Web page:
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Don Cooper: "Inner Space" Acrylic wash on YUKO paper. 60x60 inches.

Don Cooper’s “Inner Space,” 60 by 60 inches, on YUPO paper.

It’s almost impossible to discuss the metaphysical or the spiritual — the latter a term so overused that it’s practically ineffective — without sounding somewhat inarticulate, tongue-tied or, perish the thought, new-agey or naïve. Some aspects of human experience expand beyond our ability to clearly depict them with words. Even the great T.S. Eliot, musing on the nature of the spiritual in the modern era in “Four Quartets,” described every attempt of language as “a different kind of failure.”

Perhaps this is to our benefit. That numinous aura of the unknown might deflate like a punctured balloon were we able to clearly describe it as well as we could describe what we ate for breakfast this morning.

Don Cooper meditates on that which defies language. He is not interested in conveying topical subjects such as the political, the academic or the theoretical, but seeks to excavate that subterranean pulse that beats underneath all living things. The six 60-by-60-inch acrylic washes on paper in his solo exhibition “Path Within,” at Sandler Hudson Gallery through June 1, are an energetic, edgy departure from his past work in form and materials, yet they maintain the Rothko-esque vitality and luminosity that distinguishes his oeuvre.

The Atlanta artist has devoted nearly a decade to the bindu, an image in the Indian yogic tradition that represents the point at which all life begins and ends. Here, he cracks open the cosmic symbol to reveal its internal contents. Walking through the exhibition, one feels as though the artist is leading us deeper into the recesses of our cosmic origins, each composition unveiling yet another layer of chaos.

Don Cooper: This Moment as It is.,"2008. Oil on canvas. 56 x 66 inches. Collection of Museum of Contemporary Art of Georgia.

Cooper’s “This Moment as It Is” (2008), in the collection of the Museum of Contemporary Art of Georgia.

Whereas Cooper’s concentric circle paintings of the last several years, three of which are in this exhibition, emanate a virtue in perfection of form, the new works seem to have a will of their own. Fluid and amorphous, the images he conjures up appear to emerge from an obscured evolutionary history.

This is partly due to a new synthetic material Cooper himself was surprised to adopt. Startling at first due to its bright white sheen, YUPO is a non-absorbent paper that allows the artist to create what he calls a “circular pond” of paint that evaporates and leaves residual sediment-like configurations.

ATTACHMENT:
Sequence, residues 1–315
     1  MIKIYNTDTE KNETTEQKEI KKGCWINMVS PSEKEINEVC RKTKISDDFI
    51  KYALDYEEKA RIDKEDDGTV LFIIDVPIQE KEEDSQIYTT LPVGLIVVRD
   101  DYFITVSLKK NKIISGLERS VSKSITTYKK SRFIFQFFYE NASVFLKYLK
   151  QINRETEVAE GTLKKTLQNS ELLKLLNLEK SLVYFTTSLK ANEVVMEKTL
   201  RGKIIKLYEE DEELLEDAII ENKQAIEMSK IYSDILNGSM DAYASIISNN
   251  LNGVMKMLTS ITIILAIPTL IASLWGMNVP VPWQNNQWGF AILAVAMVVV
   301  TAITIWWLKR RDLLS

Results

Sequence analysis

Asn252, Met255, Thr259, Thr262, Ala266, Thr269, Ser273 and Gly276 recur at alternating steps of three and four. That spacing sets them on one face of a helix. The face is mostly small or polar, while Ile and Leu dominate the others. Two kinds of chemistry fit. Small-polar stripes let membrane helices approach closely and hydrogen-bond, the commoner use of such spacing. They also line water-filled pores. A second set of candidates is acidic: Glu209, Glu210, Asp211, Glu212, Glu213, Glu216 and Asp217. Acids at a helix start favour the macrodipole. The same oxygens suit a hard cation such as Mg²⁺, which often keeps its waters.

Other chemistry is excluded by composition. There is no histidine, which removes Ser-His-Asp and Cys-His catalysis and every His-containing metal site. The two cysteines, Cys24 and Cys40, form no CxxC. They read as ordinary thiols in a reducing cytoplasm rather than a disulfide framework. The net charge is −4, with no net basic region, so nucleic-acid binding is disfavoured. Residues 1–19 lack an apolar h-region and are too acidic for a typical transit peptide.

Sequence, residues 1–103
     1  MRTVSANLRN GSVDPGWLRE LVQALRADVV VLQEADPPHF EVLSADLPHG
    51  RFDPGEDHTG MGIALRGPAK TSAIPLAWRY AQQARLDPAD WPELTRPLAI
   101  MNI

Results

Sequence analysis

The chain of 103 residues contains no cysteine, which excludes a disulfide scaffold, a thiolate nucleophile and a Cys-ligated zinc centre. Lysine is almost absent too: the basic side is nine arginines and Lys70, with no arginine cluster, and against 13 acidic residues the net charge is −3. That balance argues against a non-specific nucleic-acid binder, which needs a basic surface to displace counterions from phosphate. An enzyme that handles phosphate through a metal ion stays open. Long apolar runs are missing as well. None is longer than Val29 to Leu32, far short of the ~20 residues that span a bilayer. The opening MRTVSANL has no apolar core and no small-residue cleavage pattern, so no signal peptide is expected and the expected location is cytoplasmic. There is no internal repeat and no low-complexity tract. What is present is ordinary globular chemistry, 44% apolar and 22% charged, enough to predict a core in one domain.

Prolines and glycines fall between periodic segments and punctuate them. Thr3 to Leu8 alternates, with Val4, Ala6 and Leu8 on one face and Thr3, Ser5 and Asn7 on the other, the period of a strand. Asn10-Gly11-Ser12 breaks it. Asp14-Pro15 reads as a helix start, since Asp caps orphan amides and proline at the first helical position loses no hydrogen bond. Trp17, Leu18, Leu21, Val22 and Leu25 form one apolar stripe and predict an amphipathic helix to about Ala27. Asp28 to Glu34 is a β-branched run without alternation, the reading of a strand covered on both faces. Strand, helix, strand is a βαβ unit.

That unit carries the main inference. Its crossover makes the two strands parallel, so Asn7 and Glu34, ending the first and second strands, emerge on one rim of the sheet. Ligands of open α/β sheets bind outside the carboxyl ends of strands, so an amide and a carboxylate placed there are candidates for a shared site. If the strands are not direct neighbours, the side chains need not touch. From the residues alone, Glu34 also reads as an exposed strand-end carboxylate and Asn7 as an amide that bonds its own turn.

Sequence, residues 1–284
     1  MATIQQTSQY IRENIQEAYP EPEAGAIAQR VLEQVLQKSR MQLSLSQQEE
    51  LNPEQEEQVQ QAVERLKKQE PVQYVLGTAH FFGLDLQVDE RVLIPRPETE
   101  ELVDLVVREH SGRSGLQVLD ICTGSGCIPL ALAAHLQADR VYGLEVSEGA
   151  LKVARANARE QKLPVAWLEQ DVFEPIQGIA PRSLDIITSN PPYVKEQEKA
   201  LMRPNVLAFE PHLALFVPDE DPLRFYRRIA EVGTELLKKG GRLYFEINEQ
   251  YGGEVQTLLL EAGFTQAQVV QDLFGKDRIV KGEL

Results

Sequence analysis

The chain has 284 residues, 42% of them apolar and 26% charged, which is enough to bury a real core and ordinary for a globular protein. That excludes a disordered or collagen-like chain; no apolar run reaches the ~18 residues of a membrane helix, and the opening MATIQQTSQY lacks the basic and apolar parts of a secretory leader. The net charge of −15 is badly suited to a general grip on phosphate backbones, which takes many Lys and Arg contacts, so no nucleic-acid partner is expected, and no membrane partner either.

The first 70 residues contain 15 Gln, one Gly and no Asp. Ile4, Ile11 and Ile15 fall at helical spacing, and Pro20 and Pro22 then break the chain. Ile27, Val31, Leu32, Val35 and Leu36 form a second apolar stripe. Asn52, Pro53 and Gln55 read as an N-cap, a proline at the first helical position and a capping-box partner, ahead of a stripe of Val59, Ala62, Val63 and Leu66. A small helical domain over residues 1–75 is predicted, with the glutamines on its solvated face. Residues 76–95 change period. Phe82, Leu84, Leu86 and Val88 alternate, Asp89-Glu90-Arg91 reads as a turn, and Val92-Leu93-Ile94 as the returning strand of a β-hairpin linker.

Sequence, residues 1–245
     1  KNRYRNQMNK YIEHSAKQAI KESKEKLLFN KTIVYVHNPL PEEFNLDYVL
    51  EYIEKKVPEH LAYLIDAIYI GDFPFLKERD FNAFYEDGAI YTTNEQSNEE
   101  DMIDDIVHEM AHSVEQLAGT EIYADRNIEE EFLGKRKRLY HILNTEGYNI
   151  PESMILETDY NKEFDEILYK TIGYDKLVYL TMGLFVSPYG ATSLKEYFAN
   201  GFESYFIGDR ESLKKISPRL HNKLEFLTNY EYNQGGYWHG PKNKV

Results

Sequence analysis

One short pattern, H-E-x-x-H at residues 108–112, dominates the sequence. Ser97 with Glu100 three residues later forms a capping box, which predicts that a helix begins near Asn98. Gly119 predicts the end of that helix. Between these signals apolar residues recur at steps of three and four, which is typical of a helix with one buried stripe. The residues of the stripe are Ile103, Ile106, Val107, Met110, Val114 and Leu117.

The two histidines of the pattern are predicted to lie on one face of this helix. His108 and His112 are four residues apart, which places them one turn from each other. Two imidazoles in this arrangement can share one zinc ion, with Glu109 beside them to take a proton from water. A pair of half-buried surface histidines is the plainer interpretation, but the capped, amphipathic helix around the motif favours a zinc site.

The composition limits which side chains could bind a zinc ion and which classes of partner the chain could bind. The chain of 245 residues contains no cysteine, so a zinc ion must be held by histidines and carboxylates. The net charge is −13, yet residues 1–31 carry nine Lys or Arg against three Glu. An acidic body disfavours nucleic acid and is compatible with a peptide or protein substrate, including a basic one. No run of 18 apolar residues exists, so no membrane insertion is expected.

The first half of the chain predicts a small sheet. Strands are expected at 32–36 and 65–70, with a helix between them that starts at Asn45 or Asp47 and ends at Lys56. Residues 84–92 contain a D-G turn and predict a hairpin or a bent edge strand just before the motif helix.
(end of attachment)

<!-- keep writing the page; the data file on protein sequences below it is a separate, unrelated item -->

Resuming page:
The overall free-form process allows room for imperfection in a manner that makes this work both recognizable and relatable in addition to otherworldly. Rather than painting in the traditional sense, Cooper is left to negotiate with the natural movement of the paint as it wills itself across the surface of the paper in a process similar to Helen Frankenthaler’s “soak stain” paintings as well as local artist Seana Reilly’s liquid graphite ones.

Nebulous forms gradually emerge in this painterly primordial soup, evoking the biological, the geological, the celestial and the elemental. In “Inner Space: Carbon,” a gigantic black sun radiates viscous rays of light that merge with a migrating path of planets; dried puddles of paint form concentric markings similar to fingerprints or rings inscribed on a tree trunk.

Destabilizing the symmetrical form of Cooper’s bindu series, these new works feel more psychological and communicate a more convoluted expression of his characteristic mandala composition.

Don Cooper: "Point of Departure." Acrylic was on YUKO paper. 60x60-inches.

Cooper’s “Point of Departure.”

As is the case with much abstraction, multiple interpretations can exist simultaneously. “Point of Departure” (above) could be a thousand discrete worlds, depending on the magnification of your microscope (or telescope for that matter). From one angle it appears as a stirring of delicately rendered micro-organisms swimming up to the surface of a sunlit pond; from another, like looking into the vigilant eye of a reptile.

Similarly to the “action painters” of the 1950s and ’60s, Cooper’s works are not pictures but events — “arenas in which to act,” as critic Harold Rosenberg wrote in 1952. For Cooper, painting is not a depiction but an emanation of a daily ritualistic communion with something beyond himself. A mesmerizing balance between presence and absence, these works exhibit a command of materials by an artist who knowingly exists in infinitesimal proportion compared with the immeasurable worlds he creates.

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